Why are repubs constantly being "assaulted" and attacked? They are constantly on red alert and being made to be "victims."

    Are they not fighting anyone or anything? Or are they merely taking punishment?

    I sense a growing fatigue of the general population towards the GOP's fear-mongering and paranoia. We aren't falling for their old bags of tricks anymore. Sorry fox and AM radio! Better try something else!

  • Redshirt1701 Deep Space 9, Ut
    June 13, 2013 4:07 p.m.

    To "marathonman" are you familiar with the definition of insanity given by Einstein. "Insanity: doing the same thing over and over again and expecting different results." Why keep going back to the federal government and expecting better results? Why not look to history when education standards were higher or else the standards encouraged more knowledge to be taught. See the NAS report "Today’s College Students and Yesteryear’s High School Grads: A Comparison of General Cultural Knowledge" where they find that kids in 1957 knew more about general culture than kids today. There are also studies out there that show how the language used in textbooks from 60 years ago (or more) was more advanced than the language in modern textbooks.

    The government has been watering down the education. Take a look at "Solving America’s Math Problem" at EducationNext. They have a picture showing how watered down a pre-algebra book is now compared to 100 years ago.

    So again, why keep going down the same road if 100 years ago they had higher standards? Shouldn't we look to the past for answers to our future?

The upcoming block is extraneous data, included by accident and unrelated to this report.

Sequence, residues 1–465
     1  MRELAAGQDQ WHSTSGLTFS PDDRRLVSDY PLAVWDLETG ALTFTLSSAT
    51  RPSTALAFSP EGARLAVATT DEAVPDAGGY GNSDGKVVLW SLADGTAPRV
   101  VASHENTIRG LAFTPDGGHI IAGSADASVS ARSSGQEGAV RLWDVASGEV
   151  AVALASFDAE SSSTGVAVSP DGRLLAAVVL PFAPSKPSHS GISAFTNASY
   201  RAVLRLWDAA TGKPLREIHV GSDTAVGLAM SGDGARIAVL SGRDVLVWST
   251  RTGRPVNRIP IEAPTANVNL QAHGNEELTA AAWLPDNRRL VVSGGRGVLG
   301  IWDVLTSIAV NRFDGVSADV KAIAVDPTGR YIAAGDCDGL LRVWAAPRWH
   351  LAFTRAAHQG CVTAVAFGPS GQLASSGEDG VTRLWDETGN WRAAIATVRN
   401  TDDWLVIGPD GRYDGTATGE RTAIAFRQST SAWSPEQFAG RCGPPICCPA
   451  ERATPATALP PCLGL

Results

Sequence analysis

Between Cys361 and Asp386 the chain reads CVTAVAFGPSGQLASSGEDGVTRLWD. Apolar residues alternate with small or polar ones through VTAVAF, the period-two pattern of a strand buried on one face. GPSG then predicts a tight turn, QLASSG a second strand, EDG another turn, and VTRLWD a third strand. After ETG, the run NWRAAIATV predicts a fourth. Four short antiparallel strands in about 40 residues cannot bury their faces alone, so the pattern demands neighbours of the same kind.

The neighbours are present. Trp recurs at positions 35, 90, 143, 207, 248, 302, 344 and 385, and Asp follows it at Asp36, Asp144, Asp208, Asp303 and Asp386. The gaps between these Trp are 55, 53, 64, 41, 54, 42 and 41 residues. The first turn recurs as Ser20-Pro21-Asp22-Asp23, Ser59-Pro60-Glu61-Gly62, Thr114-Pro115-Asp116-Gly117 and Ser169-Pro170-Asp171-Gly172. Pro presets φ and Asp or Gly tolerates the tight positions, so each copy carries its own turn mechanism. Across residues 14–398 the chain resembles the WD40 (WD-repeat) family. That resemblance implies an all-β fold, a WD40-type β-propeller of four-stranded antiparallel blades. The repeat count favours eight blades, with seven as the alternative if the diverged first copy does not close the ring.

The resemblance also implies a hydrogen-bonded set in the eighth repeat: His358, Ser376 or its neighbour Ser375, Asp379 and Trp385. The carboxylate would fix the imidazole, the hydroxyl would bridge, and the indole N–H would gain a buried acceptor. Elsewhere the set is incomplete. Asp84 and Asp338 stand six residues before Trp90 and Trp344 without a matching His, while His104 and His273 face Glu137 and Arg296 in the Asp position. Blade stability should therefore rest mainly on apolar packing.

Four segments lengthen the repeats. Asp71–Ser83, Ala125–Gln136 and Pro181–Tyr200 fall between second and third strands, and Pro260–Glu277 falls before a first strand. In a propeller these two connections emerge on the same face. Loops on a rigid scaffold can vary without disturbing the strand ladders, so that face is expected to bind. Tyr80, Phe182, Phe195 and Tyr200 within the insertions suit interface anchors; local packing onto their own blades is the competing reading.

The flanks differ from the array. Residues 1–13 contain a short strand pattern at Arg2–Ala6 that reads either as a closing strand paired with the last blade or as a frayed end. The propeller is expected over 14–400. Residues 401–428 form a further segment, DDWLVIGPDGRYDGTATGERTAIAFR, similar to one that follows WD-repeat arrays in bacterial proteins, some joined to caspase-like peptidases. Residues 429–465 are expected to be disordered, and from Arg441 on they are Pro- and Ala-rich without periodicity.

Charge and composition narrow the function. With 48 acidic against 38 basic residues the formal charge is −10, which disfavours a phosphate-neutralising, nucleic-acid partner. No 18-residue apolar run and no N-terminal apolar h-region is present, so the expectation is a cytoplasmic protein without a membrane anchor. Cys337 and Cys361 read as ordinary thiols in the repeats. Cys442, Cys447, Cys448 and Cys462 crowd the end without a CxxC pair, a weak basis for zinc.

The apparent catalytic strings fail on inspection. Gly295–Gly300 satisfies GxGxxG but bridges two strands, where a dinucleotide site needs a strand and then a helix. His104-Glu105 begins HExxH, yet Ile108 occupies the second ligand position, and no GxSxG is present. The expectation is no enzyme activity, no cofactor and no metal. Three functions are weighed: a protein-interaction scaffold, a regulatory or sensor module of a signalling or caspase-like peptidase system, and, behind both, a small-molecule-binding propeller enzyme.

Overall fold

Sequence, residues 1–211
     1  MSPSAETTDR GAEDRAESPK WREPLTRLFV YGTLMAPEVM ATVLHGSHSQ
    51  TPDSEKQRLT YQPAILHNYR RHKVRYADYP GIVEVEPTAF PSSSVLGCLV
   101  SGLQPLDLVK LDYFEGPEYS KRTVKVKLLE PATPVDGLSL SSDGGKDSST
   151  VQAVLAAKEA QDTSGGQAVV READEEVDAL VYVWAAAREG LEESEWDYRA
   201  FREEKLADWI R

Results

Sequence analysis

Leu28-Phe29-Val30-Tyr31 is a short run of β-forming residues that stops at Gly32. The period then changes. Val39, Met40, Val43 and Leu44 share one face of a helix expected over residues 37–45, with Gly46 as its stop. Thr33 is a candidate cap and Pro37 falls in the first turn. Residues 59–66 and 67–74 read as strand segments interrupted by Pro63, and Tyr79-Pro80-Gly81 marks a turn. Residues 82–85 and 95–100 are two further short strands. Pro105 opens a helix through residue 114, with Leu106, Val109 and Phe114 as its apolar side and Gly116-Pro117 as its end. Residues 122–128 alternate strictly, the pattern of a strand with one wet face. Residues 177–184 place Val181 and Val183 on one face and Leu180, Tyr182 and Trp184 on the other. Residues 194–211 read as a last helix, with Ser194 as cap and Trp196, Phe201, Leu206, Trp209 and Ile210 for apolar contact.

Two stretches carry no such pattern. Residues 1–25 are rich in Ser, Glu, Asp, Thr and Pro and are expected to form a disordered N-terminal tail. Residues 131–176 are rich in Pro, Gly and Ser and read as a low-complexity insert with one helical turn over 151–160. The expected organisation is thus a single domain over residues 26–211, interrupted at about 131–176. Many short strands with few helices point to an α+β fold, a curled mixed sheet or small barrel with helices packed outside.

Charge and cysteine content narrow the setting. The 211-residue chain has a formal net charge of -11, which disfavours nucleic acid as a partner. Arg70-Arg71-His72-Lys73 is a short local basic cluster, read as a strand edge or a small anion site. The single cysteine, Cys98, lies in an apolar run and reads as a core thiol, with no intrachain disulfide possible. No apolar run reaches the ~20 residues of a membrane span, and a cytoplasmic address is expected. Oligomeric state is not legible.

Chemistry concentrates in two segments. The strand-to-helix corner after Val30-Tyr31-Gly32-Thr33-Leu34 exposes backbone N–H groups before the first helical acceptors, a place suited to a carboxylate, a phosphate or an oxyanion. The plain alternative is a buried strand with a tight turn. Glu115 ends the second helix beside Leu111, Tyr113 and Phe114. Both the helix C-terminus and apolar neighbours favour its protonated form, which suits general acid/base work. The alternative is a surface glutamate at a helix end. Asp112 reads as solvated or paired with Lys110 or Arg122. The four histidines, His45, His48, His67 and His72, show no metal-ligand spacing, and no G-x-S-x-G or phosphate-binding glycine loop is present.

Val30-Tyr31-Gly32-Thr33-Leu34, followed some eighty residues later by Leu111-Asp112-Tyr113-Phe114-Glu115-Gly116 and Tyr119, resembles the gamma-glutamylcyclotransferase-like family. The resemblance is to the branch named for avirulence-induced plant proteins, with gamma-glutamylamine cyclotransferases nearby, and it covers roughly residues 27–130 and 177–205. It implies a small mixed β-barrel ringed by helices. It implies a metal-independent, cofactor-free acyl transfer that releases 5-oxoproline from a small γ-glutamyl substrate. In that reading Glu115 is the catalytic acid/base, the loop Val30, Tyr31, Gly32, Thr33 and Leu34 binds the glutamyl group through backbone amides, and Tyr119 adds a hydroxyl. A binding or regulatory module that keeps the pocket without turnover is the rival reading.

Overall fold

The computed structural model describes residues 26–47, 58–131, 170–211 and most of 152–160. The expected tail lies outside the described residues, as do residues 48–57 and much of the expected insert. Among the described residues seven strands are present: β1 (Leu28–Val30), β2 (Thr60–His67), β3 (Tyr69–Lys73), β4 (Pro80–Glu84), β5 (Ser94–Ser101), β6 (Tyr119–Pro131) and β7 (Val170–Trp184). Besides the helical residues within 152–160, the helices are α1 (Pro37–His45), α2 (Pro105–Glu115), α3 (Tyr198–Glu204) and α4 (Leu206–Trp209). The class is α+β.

• marathonman Heber City, UT
    June 13, 2013 2:28 p.m.

    "..did the No Child Left Behind program work?" Nope. That's why state governors and educators pushed for trying something else. Common Core is the result of that effort. If it doesn't work, we'll try something else. But we need a coordinated approach to compete. And we don't need to fear coordinating with other states as long as we have flexibility to improve upon the standard. Before worrying about caps on how much can be added to these standards, we should try to achieve them.

  • 2 bits Cottonwood Heights, UT
    June 13, 2013 1:38 p.m.

    "hicks and hillbillies" huh... So classy. Reminds me why your stereotype based views have no credibility with people who can see past your stereotypes and see people as people and not your stereotypes of people.

  • mamiejane Salt Lake City, UT
    June 13, 2013 1:18 p.m.

    The Deseret News editor needs to step in and clarify Utah State Delegates to what? Since the author thinks this vote should be dispositive, we are entitled to know who she is talking about.

  • The Real Maverick Orem, UT
    June 13, 2013 12:40 p.m.


    Is that all the radical right can do now?

    Scare us?

    Why should we let local hicks and hillbillies determine our educational standards? Do they not realize that America is in an economic war with other countries? No longer can we disregard science, history, and reading and writing skills. The minimum standards are about 3 decades overdue. Enough with the local standards which have endorsed mediocrity. Set the standards and then let localities increase them from there. But no more of this local nonsense of no standards and merely turning biology and history into seminary lessons. Enough of this "kick the can down the road" approach so common amongst the GOP.

  • Redshirt1701 Deep Space 9, Ut
    June 13, 2013 12:31 p.m.

    To "2 bits" I don't think that people understand what the purpose of Common Core is. Education is only secondary. According to the Common Core website, the assesments are being used to "Create economies of scale". If you look into what an "economy of scale" is you find that it is a business term where a corporation optimizes its resources for a desired output. In other words, the government wants to test your children so that they can decide for your children what career would be the most efficient use of government money.